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Tag Archive | "trees"

Winners of tree-planting grants announced


 

$70,110 awarded to Michigan communities

The Michigan Department of Natural Resources, DTE Energy Foundation and ReLeaf Michigan announce the award of $70,110 to 29 organizations in Michigan to plant 750 trees along community streets, in parks and other public spaces.

In our area, both the Village of Sparta and the Sparta Recreation Authority each received a grant of $3,000.

This tree-planting grant program is sponsored by the DTE Energy Foundation in partnership with the DNR and ReLeaf Michigan as part of a long-standing commitment to improving communities and the environment throughout the state.

“These trees will help improve community quality of life and the environment through beautification, cleaning the air, increasing tree canopy to produce cooling shade, and providing habitat for wildlife,” said Kevin Sayers, DNR Urban and Community Forestry program coordinator.

The tree-planting grants are part of a long-term initiative to partner with communities, schools and nonprofits on programs to take care of the environment, noted Faye Nelson, vice president of DTE Energy and board chair and president of the DTE Energy Foundation.

“The DTE Energy Foundation has always believed it is our responsibility to sustain and protect Michigan’s legacy—from  its cultural institutions to its beautiful natural environment—and to help build its future,” Nelson said. “As good environmental stewards, we are proud to support the 2017 tree-planting program and partner with the DNR to invest in the future of our state by ensuring these spaces are enjoyed for generations to come.”

Grants awarded under this program will be used to help purchase trees of various species and sizes to be planted this fall or next spring.

ReLeaf Michigan, a nonprofit organization, works closely with communities statewide to replenish tree canopies through volunteer tree-planting events. Communities interested in coordinating local volunteer tree-planting or educational events are encouraged to contact ReLeaf Michigan to find out how they can assist. Call, email or visit them online at 1-800-642-7353, info@releafmichigan.org, or  www.releafmichigan.org.

For more information or a list of approved grants contact Kevin Sayers at 517-284-5898 or visit the program website at www.mi.gov/ucf. For additional information about the DTE Energy Foundation, please contact Anne O’Dell at 313-235-5555.

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High winds blow across state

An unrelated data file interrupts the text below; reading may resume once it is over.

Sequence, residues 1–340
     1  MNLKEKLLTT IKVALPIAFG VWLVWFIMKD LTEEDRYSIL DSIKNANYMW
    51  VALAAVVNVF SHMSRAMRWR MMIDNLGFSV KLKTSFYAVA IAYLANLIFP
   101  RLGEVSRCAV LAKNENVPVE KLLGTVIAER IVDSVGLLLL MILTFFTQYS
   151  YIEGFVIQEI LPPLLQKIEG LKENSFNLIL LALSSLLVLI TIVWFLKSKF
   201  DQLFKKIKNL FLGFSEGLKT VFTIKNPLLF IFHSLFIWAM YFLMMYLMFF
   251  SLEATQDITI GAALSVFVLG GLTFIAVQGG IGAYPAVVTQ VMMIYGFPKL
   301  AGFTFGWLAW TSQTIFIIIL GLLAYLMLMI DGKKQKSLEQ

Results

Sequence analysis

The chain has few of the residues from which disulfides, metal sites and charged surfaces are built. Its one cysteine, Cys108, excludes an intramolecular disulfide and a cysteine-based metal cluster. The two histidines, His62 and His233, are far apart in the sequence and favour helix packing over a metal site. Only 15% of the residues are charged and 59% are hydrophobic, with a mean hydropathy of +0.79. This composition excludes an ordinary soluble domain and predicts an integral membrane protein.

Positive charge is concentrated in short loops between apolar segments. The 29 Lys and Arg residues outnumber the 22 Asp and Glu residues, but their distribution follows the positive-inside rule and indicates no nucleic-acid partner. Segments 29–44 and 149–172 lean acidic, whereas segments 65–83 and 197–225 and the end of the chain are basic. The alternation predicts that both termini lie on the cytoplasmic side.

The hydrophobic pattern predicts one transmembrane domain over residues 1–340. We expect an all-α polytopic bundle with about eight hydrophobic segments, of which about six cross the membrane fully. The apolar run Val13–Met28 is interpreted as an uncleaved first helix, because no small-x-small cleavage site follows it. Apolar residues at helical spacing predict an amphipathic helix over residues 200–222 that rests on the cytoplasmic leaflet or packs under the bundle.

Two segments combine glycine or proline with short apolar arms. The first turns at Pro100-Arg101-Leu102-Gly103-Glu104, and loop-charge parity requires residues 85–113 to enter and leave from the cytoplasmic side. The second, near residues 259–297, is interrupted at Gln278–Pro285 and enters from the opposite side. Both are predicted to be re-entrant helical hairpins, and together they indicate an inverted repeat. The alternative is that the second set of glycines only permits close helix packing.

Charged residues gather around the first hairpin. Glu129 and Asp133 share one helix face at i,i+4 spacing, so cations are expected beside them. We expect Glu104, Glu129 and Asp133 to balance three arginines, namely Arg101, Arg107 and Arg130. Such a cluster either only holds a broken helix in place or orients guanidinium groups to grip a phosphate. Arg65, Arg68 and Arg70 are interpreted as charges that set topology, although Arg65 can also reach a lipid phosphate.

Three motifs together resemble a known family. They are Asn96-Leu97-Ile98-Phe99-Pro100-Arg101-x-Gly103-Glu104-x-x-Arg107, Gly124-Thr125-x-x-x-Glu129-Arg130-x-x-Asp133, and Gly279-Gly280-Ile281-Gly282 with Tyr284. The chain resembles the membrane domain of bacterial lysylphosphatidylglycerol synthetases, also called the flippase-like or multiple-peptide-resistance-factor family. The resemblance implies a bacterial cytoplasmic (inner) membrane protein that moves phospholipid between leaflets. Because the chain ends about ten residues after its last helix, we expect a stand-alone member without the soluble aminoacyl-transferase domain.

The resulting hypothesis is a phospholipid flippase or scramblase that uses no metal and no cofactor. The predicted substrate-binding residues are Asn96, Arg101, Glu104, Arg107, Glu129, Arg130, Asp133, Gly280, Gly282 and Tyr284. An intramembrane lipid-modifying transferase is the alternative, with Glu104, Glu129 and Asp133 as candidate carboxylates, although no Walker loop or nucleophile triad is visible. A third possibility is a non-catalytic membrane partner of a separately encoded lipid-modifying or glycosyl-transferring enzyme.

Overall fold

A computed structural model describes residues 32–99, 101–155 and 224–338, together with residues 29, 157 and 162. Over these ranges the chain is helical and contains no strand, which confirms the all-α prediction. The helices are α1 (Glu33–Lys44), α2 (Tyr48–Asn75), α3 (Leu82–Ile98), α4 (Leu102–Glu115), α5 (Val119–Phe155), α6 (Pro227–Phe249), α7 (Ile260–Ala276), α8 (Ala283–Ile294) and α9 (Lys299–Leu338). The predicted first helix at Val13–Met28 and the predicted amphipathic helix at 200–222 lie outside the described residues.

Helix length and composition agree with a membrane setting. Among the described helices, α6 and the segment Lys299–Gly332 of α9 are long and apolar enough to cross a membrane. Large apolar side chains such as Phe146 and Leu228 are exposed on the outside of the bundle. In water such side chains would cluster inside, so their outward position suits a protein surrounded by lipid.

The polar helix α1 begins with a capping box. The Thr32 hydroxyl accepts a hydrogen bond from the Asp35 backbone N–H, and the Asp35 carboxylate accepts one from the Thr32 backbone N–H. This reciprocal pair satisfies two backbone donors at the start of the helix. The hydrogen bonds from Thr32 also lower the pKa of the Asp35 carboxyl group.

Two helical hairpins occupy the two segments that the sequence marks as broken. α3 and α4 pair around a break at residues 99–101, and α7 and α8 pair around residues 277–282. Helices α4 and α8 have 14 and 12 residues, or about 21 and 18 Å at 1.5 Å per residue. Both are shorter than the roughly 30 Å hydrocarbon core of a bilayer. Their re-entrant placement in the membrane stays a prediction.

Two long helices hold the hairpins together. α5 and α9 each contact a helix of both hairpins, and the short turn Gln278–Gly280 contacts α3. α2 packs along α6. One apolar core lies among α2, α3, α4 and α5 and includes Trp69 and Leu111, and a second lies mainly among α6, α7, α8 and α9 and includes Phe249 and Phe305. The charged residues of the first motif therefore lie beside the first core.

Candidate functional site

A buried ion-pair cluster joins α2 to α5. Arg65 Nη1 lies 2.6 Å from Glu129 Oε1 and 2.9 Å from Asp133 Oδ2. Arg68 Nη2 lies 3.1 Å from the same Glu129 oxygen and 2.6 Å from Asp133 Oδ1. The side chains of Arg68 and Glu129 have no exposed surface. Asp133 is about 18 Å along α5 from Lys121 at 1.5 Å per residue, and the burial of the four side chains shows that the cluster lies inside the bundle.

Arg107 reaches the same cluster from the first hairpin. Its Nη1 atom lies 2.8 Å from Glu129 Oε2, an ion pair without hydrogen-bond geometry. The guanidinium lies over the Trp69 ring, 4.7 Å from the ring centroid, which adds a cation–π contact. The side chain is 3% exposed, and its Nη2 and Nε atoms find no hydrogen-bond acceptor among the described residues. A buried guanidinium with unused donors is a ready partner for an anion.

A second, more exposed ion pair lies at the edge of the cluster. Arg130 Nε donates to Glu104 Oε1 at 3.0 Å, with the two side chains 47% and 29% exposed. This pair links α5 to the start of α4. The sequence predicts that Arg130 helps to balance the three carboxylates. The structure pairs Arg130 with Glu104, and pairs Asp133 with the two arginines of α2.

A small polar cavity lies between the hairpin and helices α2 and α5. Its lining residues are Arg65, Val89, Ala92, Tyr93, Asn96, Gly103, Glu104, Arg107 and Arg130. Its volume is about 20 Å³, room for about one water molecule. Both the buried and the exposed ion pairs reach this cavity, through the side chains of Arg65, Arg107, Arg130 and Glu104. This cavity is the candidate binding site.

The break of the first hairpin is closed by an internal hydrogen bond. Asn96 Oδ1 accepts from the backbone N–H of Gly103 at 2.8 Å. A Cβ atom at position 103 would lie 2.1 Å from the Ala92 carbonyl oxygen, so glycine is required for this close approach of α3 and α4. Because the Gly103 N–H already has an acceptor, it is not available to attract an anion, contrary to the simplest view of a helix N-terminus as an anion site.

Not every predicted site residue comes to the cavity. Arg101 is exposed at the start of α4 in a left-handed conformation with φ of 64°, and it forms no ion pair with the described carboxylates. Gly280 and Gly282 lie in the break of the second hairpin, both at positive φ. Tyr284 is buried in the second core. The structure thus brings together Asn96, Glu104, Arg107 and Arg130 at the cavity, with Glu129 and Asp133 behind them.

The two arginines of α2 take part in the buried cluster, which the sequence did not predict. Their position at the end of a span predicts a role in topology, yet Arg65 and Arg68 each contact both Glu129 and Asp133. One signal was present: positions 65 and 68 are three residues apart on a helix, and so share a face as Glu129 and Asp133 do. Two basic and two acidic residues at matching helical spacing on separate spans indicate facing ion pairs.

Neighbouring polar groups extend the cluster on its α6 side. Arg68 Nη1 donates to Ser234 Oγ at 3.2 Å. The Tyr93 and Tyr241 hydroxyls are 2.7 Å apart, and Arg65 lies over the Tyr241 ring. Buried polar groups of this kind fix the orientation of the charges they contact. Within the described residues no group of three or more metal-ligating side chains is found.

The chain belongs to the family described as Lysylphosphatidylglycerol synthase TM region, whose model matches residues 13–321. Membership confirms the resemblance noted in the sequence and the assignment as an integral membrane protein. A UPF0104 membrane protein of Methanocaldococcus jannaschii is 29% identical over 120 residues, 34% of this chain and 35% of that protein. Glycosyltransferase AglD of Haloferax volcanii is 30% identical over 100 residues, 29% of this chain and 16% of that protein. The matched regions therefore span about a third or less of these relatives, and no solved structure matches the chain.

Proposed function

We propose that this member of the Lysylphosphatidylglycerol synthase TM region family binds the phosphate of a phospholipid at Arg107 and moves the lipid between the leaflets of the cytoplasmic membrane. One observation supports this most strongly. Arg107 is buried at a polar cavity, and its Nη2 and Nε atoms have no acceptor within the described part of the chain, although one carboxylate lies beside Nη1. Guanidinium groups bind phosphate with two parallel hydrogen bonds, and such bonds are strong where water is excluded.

Jeannie Larsen sent us this photo of a tree that was blown down Wednesday and blocked Myers Lake Rd, near Pringle, in Nelson Township (near Sand Lake).

Jeannie Larsen sent us this photo of a tree that was blown down Wednesday and blocked Myers Lake Rd, near Pringle, in Nelson Township (near Sand Lake).

Firefighters, police, and other first responders were kept busy Wednesday as high winds swept across the area, toppling trees and taking down telephone poles and electrical wires. There were various reports of trees blocking the roadway, falling through roofs, electrical wires down, and sporadic brush fires.

Power outages were also a big problem for many in the area. Power went off early in the day for many residents (about 10:30 a.m.). At 5 p.m., 38,000 in Kent County were without power, and 210,000 statewide. Consumers Energy said that harder hit areas may not have power back until late Saturday.

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Area trees display color


n-fall-photo-cherri-rose

Area trees popped with color last week, proudly showing off deep red, glowing orange, and bright yellow leaves against the blue sky. Several readers sent us their photos, including the one here of Upper Lake in Solon Township from Cherri Rose. While the color show is winding down, there are still some trees that haven’t yet lost their leaves. Get out there and see them while there is still time!

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EarthTalk®


BLOOM-Earth-Talk-trees

From the Editors of E – The Environmental Magazine

Dear EarthTalk: How is that being around trees and other plants can help us feel good?

  — Amy Mola, Greenville, SC

Trees are known to improve air quality by capturing six common air pollutants and toxic gases: ground-level ozone, particulate matter, carbon monoxide, nitrogen oxides, sulfur dioxide and lead. In fact, a single tree can absorb 10 pounds of air pollutants per year. In a study published in 2014, U.S. Forest Service scientists and collaborators calculated that trees are saving more than 850 human lives a year and preventing 670,000 incidents of acute respiratory symptoms. The researchers valued the human health effects of the reduced air pollution at nearly $7 billion every year.

“We found that, in general, the greater the tree cover, the greater the pollution removal, and the greater the removal and population density, the greater the value of human health benefits,” says Dave Nowak of the U.S. Forest Service.